Rome — Theodore McCarrick, the former Archbishop of Washington D.C., was due in court on Friday to face child sex abuse charges. McCarrick was stripped of his rank as a cardinal and removed from the priesthood after the Vatican confirmed other allegations of abuse against him.
Now 91, McCarrick was scheduled to be arraigned on Friday at the Dedham District Court outside Boston. He was expected to enter a plea in the criminal case on, accusing him of sexually assaulting a teenage boy almost 50 years ago in Massachusetts.
As CBS News correspondent Chris Livesay reports from Rome, it was to be a profound day of reckoning for the disgraced former cardinal, as well as for the Catholic Church. Victims hope that the criminal trial of the former prelate will send a strong signal that no one, no matter how powerful, is above the law.
McCarrick was once the most powerful cardinal in the United States. He advised popes and hobnobbed with presidents.
In 2002, upon returning from a sex-abuse summit at the Vatican, he even claimed to champion the cause of abuse victims, declaring that “from now on, anybody who is credibly accused will never work in the U.S.”
That now includes McCarrick himself. He was defrocked by Pope Francis in 2019 after evidence showed he’d abused minors and seminarians for decades.
Even more damning for the church was a Vatican report published last year that revealed that John Paul II, the pope who made McCarrick a cardinal and archbishop of Washington D.C., knew about the allegations, but ignored them.
CBS News Vatican consultant Monsignor Anthony Figuereido worked as McCarrick’s secretary for 20 years, and he spoke to him shortly before Friday’s arraignment.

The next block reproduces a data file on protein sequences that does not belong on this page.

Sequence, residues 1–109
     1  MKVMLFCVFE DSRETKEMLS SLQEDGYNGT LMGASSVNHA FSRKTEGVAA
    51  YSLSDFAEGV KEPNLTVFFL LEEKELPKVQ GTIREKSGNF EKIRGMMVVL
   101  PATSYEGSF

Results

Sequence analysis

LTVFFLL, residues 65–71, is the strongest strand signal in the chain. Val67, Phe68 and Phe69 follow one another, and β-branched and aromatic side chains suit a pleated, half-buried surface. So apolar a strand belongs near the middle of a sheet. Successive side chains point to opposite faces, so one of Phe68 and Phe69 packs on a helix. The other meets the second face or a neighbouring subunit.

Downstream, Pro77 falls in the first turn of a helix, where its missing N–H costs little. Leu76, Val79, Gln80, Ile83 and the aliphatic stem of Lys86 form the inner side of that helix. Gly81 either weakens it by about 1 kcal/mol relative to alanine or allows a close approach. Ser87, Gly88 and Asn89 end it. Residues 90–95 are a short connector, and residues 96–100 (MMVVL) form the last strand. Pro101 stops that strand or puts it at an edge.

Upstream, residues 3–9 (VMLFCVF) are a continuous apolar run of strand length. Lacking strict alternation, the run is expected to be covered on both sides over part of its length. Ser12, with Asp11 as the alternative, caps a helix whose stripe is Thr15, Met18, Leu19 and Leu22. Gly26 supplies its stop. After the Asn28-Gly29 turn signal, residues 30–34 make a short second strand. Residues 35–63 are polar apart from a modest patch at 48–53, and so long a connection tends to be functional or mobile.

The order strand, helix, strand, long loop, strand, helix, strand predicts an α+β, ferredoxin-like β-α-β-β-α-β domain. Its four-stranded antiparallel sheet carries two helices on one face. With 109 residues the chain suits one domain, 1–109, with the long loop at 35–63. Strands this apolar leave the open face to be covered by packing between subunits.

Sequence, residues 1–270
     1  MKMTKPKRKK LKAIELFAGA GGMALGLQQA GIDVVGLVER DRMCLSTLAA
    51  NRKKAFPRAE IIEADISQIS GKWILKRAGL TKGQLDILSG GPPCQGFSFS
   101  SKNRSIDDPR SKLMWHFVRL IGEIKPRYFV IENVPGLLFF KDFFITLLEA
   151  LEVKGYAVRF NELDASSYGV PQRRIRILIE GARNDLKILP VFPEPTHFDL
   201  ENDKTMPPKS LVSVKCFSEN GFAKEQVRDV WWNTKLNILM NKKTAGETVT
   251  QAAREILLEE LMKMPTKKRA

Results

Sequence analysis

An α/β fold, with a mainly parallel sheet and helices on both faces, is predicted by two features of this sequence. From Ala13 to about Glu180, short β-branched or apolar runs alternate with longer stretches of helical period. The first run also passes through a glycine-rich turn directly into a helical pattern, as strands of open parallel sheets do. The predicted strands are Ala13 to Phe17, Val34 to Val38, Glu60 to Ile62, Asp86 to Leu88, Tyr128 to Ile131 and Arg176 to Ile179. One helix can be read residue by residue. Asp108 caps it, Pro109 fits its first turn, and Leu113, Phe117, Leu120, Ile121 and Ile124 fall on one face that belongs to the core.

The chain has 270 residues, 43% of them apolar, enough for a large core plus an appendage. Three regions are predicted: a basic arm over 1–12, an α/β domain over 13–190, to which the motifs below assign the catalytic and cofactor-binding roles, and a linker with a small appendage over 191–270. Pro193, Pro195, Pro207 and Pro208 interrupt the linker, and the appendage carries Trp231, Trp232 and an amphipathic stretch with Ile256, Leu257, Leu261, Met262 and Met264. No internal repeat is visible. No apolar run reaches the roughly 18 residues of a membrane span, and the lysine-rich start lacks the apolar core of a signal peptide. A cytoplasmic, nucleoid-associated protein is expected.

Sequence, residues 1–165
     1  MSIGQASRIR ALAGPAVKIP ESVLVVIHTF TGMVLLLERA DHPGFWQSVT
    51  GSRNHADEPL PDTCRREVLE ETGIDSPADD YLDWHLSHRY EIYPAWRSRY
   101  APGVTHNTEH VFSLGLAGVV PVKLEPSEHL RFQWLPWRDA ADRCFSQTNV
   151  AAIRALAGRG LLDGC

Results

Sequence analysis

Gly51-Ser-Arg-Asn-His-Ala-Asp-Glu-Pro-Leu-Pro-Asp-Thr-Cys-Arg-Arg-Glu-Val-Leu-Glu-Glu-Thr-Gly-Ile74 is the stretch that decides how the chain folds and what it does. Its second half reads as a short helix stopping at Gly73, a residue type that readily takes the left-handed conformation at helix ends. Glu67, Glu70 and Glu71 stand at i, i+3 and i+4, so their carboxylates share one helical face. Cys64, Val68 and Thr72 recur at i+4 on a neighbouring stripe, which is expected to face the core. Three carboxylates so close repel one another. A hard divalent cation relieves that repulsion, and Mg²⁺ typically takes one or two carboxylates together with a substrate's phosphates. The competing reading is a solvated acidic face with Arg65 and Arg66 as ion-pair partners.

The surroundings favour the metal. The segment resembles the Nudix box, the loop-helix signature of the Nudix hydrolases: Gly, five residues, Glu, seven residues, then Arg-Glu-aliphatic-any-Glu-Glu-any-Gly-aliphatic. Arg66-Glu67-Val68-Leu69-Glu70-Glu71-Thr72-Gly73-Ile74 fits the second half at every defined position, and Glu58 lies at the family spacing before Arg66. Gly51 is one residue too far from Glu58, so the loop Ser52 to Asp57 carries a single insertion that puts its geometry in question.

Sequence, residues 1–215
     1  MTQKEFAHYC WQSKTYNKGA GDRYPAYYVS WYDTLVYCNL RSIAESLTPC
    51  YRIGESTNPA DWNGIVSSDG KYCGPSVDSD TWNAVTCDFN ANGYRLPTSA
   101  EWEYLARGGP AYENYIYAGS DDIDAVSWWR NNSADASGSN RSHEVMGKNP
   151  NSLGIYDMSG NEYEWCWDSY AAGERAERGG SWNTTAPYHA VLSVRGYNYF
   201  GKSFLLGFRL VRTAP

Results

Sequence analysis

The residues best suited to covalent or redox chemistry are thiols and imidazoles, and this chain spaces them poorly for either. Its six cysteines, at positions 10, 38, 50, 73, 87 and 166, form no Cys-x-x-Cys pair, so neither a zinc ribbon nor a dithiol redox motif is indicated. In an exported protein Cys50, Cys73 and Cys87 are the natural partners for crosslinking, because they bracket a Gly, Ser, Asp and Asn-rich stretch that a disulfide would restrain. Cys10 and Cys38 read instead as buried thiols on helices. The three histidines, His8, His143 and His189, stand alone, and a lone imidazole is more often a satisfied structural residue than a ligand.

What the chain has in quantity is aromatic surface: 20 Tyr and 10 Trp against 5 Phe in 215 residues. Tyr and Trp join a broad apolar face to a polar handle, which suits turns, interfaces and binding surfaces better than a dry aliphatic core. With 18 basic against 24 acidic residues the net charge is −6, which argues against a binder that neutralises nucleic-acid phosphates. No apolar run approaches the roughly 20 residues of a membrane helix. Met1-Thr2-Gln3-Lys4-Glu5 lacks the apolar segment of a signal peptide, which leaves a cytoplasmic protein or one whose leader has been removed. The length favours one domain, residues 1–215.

“The first thing he said is: ‘I do not want to end my life in this way.’ So, he expects something serious to come from this trial, perhaps imprisonment. Even more stunning: ‘I want my priesthood back.’ It’s almost as if he was deluded about the damage he has caused to victims, above all, but also to the church and the loss of faith of millions of Catholics,” Figuereido said.
This week Pope Francis said he was, “not afraid of transparency or truth. Sometimes it hurts a lot, but the truth is what sets us free.”
Now, with this long-overdue trial, survivors hope McCarrick’s plunge from grace will inspire silent victims to speak out.
“It means that no bishop is safe,” said Figuereido. “I hope that it has many shaking in their boots, those who have covered up and those, too, who have abused.”
While this is the first criminal trial against McCarrick, there are numerous civil suits pending against him, too. One of his other accusers told CBS News that seeing McCarrick in court would make it the happiest day of his life.